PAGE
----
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Blogs

Misperception and Reality

25 september
2016
Fred Eidlin

Is Vladimir Putin a dictator or not?

Under real dictatorships, thousands or even tens of thousands disappear, and are tortured or killed. Criticism of the regime can be picked up by the secret police and can lead to the worst of consequences. This bears no relationship to the regime over which Vladimir Putin presides in Russia. In addition to the aspects of life Daniil mentions, there are other features that distinguish Putin’s Russia from a real dictatorships. Daniil doesn’t have to have the slightest worry about making critical remarks about Putin and his regime. He doesn’t have to worry about being awakened in the middle of the night by the secret police and taken to be tortured and killed. He doesn’t even have to worry about taking part in political demonstrations, as long as he doesn’t provoke or disobey the police responsible for maintaining order. Despite increased control of the media, Daniil will have no problem finding critical perspectives on what is going on in the country.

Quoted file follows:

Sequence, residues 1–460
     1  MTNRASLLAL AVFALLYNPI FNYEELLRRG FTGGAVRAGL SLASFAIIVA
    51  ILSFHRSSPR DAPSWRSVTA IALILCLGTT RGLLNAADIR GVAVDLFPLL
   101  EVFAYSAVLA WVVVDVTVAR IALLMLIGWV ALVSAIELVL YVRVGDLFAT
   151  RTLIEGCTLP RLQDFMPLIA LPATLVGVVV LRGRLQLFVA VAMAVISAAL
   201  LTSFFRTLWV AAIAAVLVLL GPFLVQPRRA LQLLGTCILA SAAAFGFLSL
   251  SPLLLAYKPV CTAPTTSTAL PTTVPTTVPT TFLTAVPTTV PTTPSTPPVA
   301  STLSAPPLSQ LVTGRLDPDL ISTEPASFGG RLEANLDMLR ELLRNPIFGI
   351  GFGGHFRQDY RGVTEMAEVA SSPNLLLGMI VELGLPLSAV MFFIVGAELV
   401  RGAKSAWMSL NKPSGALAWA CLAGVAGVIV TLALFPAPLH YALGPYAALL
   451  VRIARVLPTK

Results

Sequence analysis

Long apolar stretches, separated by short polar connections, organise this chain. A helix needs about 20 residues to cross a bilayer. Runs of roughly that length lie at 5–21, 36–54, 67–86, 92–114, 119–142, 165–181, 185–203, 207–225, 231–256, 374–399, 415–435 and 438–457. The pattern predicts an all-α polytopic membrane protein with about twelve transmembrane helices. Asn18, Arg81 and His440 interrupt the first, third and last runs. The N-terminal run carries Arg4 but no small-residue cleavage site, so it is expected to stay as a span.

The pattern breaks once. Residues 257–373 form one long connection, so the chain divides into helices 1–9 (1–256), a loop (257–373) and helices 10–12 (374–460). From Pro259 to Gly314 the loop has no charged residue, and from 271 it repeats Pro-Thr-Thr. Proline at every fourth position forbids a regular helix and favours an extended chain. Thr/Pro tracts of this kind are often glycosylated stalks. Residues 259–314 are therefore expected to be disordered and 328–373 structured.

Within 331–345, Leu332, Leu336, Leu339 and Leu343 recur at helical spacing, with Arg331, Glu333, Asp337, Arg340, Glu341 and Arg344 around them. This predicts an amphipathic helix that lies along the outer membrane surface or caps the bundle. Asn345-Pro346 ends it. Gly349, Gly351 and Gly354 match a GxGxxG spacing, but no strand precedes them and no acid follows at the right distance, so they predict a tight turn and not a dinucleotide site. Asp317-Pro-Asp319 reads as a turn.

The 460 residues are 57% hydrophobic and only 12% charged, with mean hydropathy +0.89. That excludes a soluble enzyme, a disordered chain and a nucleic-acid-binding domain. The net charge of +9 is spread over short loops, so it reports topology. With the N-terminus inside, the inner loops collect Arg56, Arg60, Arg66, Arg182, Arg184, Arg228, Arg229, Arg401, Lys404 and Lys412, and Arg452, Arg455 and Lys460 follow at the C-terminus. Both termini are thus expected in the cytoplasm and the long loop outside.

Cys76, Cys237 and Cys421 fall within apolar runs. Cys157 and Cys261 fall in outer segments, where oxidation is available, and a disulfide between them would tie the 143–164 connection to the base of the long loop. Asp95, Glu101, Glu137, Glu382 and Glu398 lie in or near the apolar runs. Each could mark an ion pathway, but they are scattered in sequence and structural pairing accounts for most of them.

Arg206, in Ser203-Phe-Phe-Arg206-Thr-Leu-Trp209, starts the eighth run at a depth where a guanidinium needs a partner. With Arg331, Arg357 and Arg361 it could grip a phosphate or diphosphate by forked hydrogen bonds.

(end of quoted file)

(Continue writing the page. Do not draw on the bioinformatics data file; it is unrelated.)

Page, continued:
25 september
2016
Fred Eidlin

Could Putin take advantage of Europe if it starts to collapse?

Russia’s problems are mainly with the EU as an ideological quasi state project. The EU wants Russia to deal with the EU center in Bruxelles rather than with individual member states on many important issues. Unfortunately for Russia, EU institutions tend to be ideologically anti-Russian. Moreover, the EU and many individual politicians across its member states regard Russian attempts to deal with individual EU members as attempts to create disunity within the EU. I think it would be more accurate to say that Russia is struggling to break the hold of the ideological EU on its individual members. Naturally, Russia’s interests here tend to overlap with those of the Euro skeptics.

30 april
2016
Fred Eidlin

Russia's Future: Deadlock or Competitive Politics (reply to Whitmore)

Russia is not the Soviet union.  The regime in Russia has little in common with the Soviet regime. To imply that the process of reforming Russia represents a continuation of attempts to reform the Soviet regime, as Whitmore does, distorts reality beyond recognition. Failures of reform under the Soviet regime were mostly due to features of that regime which have disappeared: (1) the commando-administrative economic system, (2) the ideological monopoly of truth, including control of all information in public space; (3) the monopoly of power of the Communist Party. All attempts at reform under the Soviet system ran aground when they threatened these pillars of the regime, as all of them inevitably did. All of these regime pillars are gone for good.